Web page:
Barbara Moser – University of Music and Performing Arts, Vienna
Jacques Rouvier – Mozarteum University Salzburg
Andrea Lucchesini – Scuola di Musica di Fiesole

1st prize: Sergey Belyavskiy
2nd prize: Anastasia Vorotnaya
3rd prize: Alexander Panfilov

Audience jury:
Dr. Michael Pallauf
Barbara Schmuck
Dr. Antonia Gobiet
Eveline Böhm-Bruynincx
Sylvia Madsack
Renate Perl
Dr. Renate Wonisch-Langenfelder
Dr. Michael Wonisch

Audience prize: Alexander Panfilov


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All winne: Anastasia Vorotnaya 3. Price Jury "Bösendorfer" / 2. Price Jury "Salzburg", Yedam Kim 1. Price Jury "Bösendorfer, Sergey Belyavskiy 1. Price Jury "Bankhaus Carl Spängler" / 1. Price Jury "Salzburg", Oleksii Kanke 2. Price Jury "Bösendorfer / 3. Price Jury "Bankhaus Carl Spängler", Alexander Panfilov 2. Price Jury "Bankhaus Carl Spängler" / 3. Price Jury "Salzburg" / Special Price  Audience Jury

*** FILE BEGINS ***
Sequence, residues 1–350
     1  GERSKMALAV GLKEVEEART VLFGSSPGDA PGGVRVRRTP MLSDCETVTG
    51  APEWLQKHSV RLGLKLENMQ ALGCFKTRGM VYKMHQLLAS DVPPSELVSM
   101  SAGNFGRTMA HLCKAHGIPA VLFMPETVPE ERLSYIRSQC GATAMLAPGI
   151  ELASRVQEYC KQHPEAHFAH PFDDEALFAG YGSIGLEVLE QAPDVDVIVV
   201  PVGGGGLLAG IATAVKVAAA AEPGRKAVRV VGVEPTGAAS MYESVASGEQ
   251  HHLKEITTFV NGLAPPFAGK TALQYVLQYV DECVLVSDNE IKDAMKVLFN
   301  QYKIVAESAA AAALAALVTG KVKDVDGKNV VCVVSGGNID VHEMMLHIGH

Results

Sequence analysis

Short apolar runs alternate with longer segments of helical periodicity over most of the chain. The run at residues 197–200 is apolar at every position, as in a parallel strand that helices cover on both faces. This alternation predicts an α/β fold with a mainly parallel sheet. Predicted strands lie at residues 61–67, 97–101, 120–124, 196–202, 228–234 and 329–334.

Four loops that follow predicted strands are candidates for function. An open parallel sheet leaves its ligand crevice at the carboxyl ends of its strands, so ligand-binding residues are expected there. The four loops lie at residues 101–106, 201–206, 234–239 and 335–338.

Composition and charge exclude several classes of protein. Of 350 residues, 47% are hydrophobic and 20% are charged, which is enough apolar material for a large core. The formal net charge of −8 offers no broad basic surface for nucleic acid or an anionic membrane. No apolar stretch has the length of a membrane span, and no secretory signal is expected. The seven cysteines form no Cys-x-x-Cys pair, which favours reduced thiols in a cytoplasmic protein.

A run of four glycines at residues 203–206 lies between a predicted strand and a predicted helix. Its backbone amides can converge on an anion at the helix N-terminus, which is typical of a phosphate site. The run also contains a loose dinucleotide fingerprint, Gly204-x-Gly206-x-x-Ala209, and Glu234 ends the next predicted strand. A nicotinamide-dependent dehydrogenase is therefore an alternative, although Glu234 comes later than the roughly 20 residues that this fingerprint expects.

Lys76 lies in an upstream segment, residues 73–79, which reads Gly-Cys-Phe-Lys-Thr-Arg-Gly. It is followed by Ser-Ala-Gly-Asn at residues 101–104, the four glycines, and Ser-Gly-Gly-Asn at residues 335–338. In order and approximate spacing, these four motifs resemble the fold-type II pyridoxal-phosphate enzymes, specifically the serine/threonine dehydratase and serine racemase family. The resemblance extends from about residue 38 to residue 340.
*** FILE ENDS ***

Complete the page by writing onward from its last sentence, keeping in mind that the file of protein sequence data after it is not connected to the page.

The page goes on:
© Universität Mozarteum/Christian Schneider

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Klaus Kaufmann (Artistic Director of the Competition), Eleonore Büning (Jury "Bösendorfer"), Anastasia Vorotnaya (3. Price Jury "Bösendorfer" / 2. Price Jury "Salzburg"), Mag. Sabine Grubmüller (Bösendorfer), Yedam Kim (1. Price Jury "Bösendorfer), Ayami Ikeba (Jury "Bösendorfer"), Oleksii Kanke (2. Price Jury "Bösendorfer / 3. Price Jury "Bankhaus Carl Spängler"), Rolf Plagge (Jury "Bösendorfer"), David Kuyken (Jury "Bösendorfer")
© Universität Mozarteum/Christian Schneider

University Mozarteum


Photos in Text: Roland Pohl